Some of the larger (and very exciting) challenges that we’re bumping up against are how to best present the data that we all will be creating every single day on this new social network.
And, our technical goal (singular) is very simple and straight-forward: We want to make our experience fast as !@#%.
To do this well we need fast and reliable architecture and a lot of this comes down to some very important choices early on. For instance, one of the very classic technical issues that social networks have to work through is what is called “The Bieber Problem”.
Essentially, in the early days of Twitter, Facebook, and others, if a celebrity like Justin Bieber updated a handful of times in quick succession, it could take down the entire network.
This is because he had millions of followers and each person that was following him was immediately presented with a new data set (e.g. update or post). Do this a few times and you get a massive data issue.
The architecting of feeds, consequently, is of paramount importance (and this is partly why decentralized protocols can’t manage this at scale… at least for the time being).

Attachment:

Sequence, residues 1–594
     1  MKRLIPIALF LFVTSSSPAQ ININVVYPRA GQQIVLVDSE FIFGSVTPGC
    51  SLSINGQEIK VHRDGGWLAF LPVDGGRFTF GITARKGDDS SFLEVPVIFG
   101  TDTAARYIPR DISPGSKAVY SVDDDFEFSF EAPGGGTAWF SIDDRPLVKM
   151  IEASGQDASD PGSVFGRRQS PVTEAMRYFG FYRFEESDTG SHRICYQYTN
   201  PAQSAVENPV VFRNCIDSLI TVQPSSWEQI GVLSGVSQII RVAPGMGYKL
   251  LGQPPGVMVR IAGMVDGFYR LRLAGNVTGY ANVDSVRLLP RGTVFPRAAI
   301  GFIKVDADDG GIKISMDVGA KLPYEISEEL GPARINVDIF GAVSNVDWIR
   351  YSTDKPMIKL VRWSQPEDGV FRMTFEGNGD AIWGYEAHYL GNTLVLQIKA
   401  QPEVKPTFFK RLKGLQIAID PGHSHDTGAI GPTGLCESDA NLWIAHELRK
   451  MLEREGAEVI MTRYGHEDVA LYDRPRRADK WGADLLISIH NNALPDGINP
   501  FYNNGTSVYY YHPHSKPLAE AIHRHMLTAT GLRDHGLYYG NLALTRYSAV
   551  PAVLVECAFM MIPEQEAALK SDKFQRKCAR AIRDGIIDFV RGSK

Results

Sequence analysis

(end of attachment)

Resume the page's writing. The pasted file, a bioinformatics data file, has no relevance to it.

More specifically, do we display data on “write” or “read“?
If Charlie Lee buys some Litecoin (or, *gasp*… Litecoin Classic… … …) do we present that information instantaneously on all of his followers feeds (on “write”) or do we wait for the user to refresh their feed and then pull the update from the data structures (on “read”)?
Twitter, at least in the beginning, was a “write” type of system and architecture. Facebook, in contrast, has a more algorithmic and weighted feed and does “read” (although both are now pretty heterogeneous).
If you’re curious about these types of things like “fan out on read” vs “fanout on write” then you can read this seminal piece by Yahoo!:
In any case, these are the things that Peter and I are thinking through every single day as we build and it’s important to note that, for us, it’s more important that we have an amazing user-experience first and foremost before we begin to apply technically-heavy decentralization protocols that could easily reduce a successful encounter with the app.
An aside… I get a good laugh when I hear of other “crypto social networks” tout their decentralized infrastructures because there is no way that they’ve even thought through the user experience vs scaling debate, at least practically-speaking.
There just isn’t a good solution… at least not yet. You compromise. You trade one for the other. Either you wait a few days to see your update post or you see it immediately. I prefer the latter.